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Published by chicofruit
Price $1.99
Primary Genre Secondary Genre

Kinkin was the brightest student at the Bermuda Temple. Her skills were so great that she was chosen to learn the secrets of the Ancient Art, which none had ever mastered. Until she did. But something went horribly wrong - the Art took control of her, just for a minute, but enough time to decimate everything in its path. The Temple was destroyed, the students scattered. Kinkin was left alone with no memory of the Art, and chose to live a quiet life with her grandmother in the forest.

Kinkin is baffled by recent events, and resolves to kill things until they make sense again. Frogs, wolves, even Baloo the Bear - none are safe!

Then one day her granny disappears. An old friend arrives and tells Kinkin that her grandmother has been kidnapped, and so Kinkin sets out on her journey across the deadly forest to rescue her. All her skills are forgotten, but as she battles the frankly lethal wildlife she starts to absorb their abilities. Your task is to assist Kinkin on her journey, which basically means directing battles against... well, everything. Humble frogs, speedy wolves and agile monkeys are just the start.

The game plot is fairly simple, which is good, as the English is ropey and it's not clear sometimes what is going on. I'm not clear, for instance, whether Kinkin is looking to rescue her grandmother or the Temple's grandmaster, as both terms were used interchangably in-game. There are suggestions on Chicofruit's website that granny has a secret identity, and it is entirely possible that she IS the grandmaster. If the plot has told me this yet, I didn't realise. But hey! All this plot nonsense is not important. Kinkin (the game) is all about one thing - fighting!

In the style of ninja mystics everywhere, Kinkin explodes into fire effects whenever she pulls off combos. Fiery demons await Kinkin near the end of her journey. Kinkin resolves to fight fire with... fighting...

A new game throws you straight into a fight, at which point the only way to defend yourself against the killer, um... frog... is to attack it. Repeatedly. Attacks are in batches of three punches/kicks; later, you can unlock special attacks triggered by certain combos of these. Defeat enemies, and you'll gain experience and cash, and you might unlock a new ability. Abilities (which need cash to activate or upgrade them) include combo attacks, spells (such as healing) and special abilities (such as counter attack, which gives you a free hit when an enemy strikes you). Successfully defeating an enemy allows you to move one space along the path to rescuing granny, and another fight. Or you can take a step back and thrash an earlier foe again. Kinkin levels up after enough experience, making her more powerful.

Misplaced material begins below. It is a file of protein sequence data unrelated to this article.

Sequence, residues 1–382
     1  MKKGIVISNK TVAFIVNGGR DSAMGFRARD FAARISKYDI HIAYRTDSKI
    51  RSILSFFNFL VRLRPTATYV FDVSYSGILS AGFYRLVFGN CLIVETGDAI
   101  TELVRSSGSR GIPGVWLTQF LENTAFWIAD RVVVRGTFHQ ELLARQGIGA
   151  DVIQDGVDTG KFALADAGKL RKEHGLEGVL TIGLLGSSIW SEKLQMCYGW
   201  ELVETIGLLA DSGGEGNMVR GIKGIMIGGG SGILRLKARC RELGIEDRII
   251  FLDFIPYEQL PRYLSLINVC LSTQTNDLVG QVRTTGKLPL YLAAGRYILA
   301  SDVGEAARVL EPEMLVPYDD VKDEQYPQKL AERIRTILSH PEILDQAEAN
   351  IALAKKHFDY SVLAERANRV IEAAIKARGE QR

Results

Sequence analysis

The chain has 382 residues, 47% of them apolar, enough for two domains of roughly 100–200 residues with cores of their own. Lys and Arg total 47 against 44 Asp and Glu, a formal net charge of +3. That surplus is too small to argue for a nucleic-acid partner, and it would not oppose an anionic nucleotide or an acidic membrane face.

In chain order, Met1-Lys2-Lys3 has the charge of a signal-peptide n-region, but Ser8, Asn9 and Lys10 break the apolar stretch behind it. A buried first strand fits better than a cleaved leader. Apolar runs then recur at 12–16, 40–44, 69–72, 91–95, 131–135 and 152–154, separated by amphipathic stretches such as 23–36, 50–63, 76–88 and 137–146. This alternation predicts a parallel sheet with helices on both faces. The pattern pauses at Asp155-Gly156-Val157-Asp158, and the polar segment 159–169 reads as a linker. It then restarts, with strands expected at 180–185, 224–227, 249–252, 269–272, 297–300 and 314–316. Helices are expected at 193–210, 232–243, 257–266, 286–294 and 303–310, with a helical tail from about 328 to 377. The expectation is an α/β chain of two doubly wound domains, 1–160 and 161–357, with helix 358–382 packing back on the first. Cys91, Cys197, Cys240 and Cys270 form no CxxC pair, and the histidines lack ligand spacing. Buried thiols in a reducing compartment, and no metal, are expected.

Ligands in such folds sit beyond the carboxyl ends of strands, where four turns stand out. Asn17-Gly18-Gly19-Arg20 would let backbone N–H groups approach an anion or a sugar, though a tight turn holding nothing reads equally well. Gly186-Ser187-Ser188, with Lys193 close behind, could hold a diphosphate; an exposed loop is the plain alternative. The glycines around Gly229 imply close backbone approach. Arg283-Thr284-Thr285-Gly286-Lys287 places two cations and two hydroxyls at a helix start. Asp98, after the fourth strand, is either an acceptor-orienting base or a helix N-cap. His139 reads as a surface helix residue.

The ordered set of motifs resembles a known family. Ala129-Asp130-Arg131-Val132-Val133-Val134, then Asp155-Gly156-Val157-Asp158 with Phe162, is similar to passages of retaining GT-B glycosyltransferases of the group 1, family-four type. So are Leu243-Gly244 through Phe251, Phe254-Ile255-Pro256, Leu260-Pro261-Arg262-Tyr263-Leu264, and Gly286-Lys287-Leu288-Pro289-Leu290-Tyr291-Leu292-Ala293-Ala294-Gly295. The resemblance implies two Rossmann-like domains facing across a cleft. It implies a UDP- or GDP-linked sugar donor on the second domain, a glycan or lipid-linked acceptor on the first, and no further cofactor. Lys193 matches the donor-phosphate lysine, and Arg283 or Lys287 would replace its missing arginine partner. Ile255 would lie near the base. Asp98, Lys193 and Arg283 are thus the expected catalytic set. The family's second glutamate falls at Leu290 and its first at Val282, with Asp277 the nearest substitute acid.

Combat is reminiscent of the Final Fantasy series' "active time battle" system. Kinkin and her opponent have both a hitpoint meter and a time meter. When the HP meter hits zero, you (or your foe) are dead. Don't panic if you fall in battle - you can always continue from your last point on the path. When your time meter is full, you can make your next move (attack, cast a spell, use an ability). The haste spell is useful here, as it makes your time meter fill faster for a short time. But while battles nicely pause to let you make your decisions, killing things quickly will net you bonus cash, so they are still tense and fast paced!

The graphics are quite simple and both the cartoon style and the animation have a manga feel. I would like to know what that bear is smiling about, though. Parents will be pleased to hear that, despite this being one of the most violent games I've ever played, there is no blood! Sound includes a range of sound effects (biff! whack! pow!) and some limited background music - I only counted about three tunes, not including the victory riff.

Kinkin is an easy game to learn. Controls are minimal, new attacks and abilities are introduced one at a time and you can always go back if you need to level up or gain more cash. As I type this, I have left the forest and entered the desert - my attacks and defences can now be boosted by rapid button pressing and I can steal from enemies. The range of options in combat steadily grows quite vast, and this allows for a surprising range of strategy. However, there is a sense of "sameness". There is only one game plot to speak of, and one path through the world. The enemies are fixed, though the combat is randomised. Your options are to continue your current game or start again. And since the game is entirely about combat, it lacks any form of exploration or the tactical use of equipment or any of the other staples of the RPGs that Kinkin so clearly models itself on. It's a fun game, just not a very deep one. That said, I think this is an excellent example of how a game developer should take on a major project - I can easily see Kinkin's combat engine becoming a central part of a bigger game.

Kinkin is fun, simple to get into and an inexpensive way to spend a little free time. And more than a little bit crazy. I rather like it. Now bring on the giant bear! I want to kill things again!

Graphics 75%
Sound 80%
Playability 90%
Longevity 60%
Overall Score 75%
Silver Star

Published on 06 Jan 2012
Reviewed by Andrew Williams

Keywords: kinkin review, chicofruit reviews, chicofruit games, kinkin scores, pc game reviews, indie game reviews, independent gaming.